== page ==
Not so far from heaven

Billy was listening to the Dolls when the others got home, his beanbag hauled next to the stereo. With eyes closed he might have been in a Manhattan bar, but instead he was stuck in a middle-class, no-class suburb, music mags and LPs spread around him like autumn leaves.

Mum popped her head in, satisfied herself he wasn’t high, waved and left, closing the door behind her. He took a bottle of bourbon from behind his Asterix comics. It looked like honey and tasted like floor polish.

The phone rang down the hall. His sister, Vicki, answered then yelled, ‘Oi, Numb-nuts. It’s for you. It’s a girl.’

Billy scrambled out, punched Vicki to get the phone from her and then shooed her away before talking.

‘Billy here.’

‘Hi, Billy. It’s Tara. We were talking at the record store the other day.’

Billy remembered. He was always giving his number to girls like her. They never called. ‘Tara. How’s it going?’

‘I was listening to that MC5 you told me about and I remembered your number.’

‘D’you like the track?’


‘I’ve got some new British stuff, I picked up. You wanna come over and listen?’ Billy glared at Vicki who was making faces.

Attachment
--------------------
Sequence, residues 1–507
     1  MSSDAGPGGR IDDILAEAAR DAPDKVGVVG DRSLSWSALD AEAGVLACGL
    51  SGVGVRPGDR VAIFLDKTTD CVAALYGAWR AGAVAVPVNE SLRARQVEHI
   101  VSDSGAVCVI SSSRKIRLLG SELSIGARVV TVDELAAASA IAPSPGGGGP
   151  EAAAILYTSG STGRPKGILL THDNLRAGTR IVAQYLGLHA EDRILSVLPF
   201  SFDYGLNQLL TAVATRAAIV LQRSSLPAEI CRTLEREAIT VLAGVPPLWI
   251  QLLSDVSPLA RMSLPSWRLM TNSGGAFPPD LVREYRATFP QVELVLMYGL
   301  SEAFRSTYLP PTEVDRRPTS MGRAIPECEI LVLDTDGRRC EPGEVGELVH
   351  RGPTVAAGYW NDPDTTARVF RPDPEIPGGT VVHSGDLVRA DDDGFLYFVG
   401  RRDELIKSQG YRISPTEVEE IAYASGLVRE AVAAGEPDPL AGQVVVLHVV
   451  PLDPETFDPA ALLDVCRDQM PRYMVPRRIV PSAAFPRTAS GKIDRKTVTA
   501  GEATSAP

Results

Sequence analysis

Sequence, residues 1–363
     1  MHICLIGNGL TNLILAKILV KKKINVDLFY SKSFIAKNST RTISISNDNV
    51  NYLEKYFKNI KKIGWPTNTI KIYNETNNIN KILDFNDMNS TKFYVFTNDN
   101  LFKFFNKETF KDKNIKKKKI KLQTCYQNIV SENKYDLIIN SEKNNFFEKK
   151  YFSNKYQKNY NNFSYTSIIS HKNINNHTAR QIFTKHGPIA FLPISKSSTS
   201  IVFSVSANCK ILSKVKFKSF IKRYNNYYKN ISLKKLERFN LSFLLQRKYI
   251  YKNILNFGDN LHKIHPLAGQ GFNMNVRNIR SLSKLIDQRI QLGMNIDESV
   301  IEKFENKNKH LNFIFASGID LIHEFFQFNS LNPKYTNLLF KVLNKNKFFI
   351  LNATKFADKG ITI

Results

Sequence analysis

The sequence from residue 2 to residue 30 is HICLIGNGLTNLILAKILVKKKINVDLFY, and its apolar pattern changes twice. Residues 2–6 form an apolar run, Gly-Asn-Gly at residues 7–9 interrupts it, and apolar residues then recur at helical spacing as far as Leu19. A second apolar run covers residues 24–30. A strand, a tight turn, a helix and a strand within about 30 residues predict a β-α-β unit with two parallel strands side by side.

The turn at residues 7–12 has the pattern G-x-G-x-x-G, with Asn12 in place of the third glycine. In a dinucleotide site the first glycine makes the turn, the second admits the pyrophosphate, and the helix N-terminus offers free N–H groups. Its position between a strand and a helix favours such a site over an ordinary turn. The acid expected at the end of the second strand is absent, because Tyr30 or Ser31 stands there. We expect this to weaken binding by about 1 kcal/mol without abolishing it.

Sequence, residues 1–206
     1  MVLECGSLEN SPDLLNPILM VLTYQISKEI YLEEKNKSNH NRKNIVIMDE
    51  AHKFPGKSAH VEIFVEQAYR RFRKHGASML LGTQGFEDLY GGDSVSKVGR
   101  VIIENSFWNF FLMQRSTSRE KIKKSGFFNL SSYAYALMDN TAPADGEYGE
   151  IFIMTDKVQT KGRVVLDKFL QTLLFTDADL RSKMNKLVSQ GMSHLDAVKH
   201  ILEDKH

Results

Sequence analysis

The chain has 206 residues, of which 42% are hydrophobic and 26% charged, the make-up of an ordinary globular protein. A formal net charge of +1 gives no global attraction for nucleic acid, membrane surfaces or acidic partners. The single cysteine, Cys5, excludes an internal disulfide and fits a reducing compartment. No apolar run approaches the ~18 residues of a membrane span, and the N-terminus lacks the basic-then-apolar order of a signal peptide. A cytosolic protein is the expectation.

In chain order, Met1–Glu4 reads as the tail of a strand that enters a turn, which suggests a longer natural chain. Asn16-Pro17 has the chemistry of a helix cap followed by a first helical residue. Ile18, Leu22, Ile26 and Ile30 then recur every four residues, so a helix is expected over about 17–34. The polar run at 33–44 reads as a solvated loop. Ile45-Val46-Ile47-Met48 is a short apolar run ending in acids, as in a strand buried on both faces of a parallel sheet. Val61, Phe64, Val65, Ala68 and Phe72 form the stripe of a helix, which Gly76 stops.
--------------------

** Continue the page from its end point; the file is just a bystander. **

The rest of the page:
‘Yeah,’ said Tara. ‘Sure.’

Ten minutes earlier he’d wished he were anywhere else.

2011—Richard Holt / small stories about love (


2 thoughts on “Not so far from heaven

  1. Richard–Are the Dolls a real group?You got me feeling sorry for Australians,if you gotta listen to the Dolls! But I love the phrase,Oi,numb-nuts,that’s how we talk here in the midwest, except for the Oi,that’s strictly Aussie! I laughed out loud when I read that.Thanks for that, Gday,Mate! Terry

  2. In my mind this is set in the 70s and the Dolls are the New York Dolls – shortlived but very real. But fictitious or not, I hope it works either way. Glad you got a laugh from the language – I think it’s a pretty honest depiction of the way families interact. Perhaps you could try tossing the occasional ‘oi’ into conversation.

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